Cuomo: Masks will not be required outdoors in schools; indoor rule remains
The announcement on mask rules at schools came after a weekend of mass confusion among parents, students and school districts.
Cuomo’s administration said Friday it would lift the indoor mask requirement on Monday, pending review by the U.S. Centers for Disease Control and Prevention. Cuomo said state officials spoke to the CDC including on Monday morning, and the federal agency was “comfortable with the outside mask requirement” being lifted, but “they were not comfortable with the inside mask requirement” being dropped.
“They make a good case with the inside and the potential hazards on the inside, and there’s only a couple of weeks left” of school, Cuomo said. “So we don’t want to make any mistakes.”
The announcement came even as at least three school districts on Long Island said they were eliminating all mask requirements starting Monday. It was not immediately clear if they would face sanctions by the state for violating the mandate.
The number of new positives reported today: 30 in Nassau, 39 in Suffolk, 170 in New York City and 463 statewide.
This chart shows the percentage of coronavirus tests that were positive on average over a seven-day period.
Search a map of new cases and view charts showing the latest local trends in vaccinations, testing, hospitalizations, deaths and more.
A year later, some LIers still have lasting COVID-19 effects
Debbie Rifenbury first felt sick from COVID-19 in March 2020. More than 14 months later, she still has trouble breathing, feels weak and often can’t sleep.
Rifenbury is one of many Long Islanders struggling with the effects of COVID-19, months after they contracted the virus. Scientists are unsure what is causing the lingering symptoms, how to prevent and treat them, why some people get them and others don’t, and how long the effects may last. The federal government is spending $1.15 billion over the next four years on research.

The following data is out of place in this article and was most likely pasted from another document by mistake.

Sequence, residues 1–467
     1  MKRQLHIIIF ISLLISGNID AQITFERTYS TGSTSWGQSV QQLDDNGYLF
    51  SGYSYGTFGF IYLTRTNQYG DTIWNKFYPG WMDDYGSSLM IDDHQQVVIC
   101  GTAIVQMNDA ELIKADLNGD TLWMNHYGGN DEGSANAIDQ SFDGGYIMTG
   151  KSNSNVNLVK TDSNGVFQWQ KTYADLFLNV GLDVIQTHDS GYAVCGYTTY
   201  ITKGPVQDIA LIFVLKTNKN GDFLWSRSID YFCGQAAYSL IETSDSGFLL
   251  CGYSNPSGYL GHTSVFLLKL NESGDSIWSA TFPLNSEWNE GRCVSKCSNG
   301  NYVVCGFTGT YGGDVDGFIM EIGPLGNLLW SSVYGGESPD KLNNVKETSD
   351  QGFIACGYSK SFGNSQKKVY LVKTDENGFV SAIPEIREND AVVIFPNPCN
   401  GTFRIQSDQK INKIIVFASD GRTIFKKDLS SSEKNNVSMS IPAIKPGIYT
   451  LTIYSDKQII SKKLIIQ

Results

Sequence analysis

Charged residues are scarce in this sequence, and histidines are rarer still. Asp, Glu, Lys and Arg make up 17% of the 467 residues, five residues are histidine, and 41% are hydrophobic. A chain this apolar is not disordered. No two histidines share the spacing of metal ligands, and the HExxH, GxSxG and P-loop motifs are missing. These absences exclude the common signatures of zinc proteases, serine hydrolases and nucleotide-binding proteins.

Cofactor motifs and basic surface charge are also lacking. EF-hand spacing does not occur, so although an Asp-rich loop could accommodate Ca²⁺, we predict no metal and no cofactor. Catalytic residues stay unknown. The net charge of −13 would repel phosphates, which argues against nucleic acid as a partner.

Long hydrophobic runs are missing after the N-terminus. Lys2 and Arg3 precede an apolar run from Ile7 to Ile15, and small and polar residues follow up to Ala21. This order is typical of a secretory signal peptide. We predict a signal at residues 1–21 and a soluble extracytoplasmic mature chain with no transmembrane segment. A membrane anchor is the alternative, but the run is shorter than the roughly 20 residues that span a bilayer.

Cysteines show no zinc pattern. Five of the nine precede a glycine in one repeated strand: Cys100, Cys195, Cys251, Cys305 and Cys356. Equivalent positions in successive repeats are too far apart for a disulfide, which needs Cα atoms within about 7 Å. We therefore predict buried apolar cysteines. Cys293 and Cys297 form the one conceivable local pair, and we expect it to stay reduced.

“I’m completely devastated,” said Rifenbury, 62, of Oceanside. “I used to be a powerhouse. I used to be independent. I used to be me, but I’m not me now.” Read more in this story from Newsday’s David Olson.
NY sees vaccination pace slow in immunity chase
The pace of vaccinations on Long Island has slowed dramatically over the last few weeks, but remains higher than state and national averages, according to state health metrics analyzed by Newsday.
The slowdown will make it even more difficult for the region to reach herd immunity and curb spread of the virus, medical experts said.
“We’ve been anticipating, discussing and expecting a slowdown for quite some time,” said Dr. David Hirschwerk, an infectious disease expert at New Hyde Park-based Northwell Health, the largest health system in the state. “For the first several months, there was demand and it was mostly from people who wanted the vaccination and had very little to no hesitation in getting it.”
Hirschwerk said many people getting vaccinated now were not in an immediate rush to do so. Long Island’s immunization slowdown mirrors a statewide one. Read more from this exclusive story by David Reich-Hale and Matt Clark.
Long Island divorce rates fell during first year of pandemic
As the coronavirus descended on New York last year, some Long Island matrimonial attorneys speculated there would be a boom in divorces because so many couples would be stuck together at home during lockdown.
But divorce rates on Long Island defied those expectations in the first year of the pandemic and related restrictions, according to state court data obtained by Newsday.